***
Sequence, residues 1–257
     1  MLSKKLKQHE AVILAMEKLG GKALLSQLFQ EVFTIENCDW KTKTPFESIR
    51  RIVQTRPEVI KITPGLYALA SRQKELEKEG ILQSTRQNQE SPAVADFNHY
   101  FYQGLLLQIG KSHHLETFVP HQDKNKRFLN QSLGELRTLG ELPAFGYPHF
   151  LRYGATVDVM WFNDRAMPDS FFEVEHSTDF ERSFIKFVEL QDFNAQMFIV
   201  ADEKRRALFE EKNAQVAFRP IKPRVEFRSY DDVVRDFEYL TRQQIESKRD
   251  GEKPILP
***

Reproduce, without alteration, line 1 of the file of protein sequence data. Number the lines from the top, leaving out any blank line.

Sequence, residues 1–257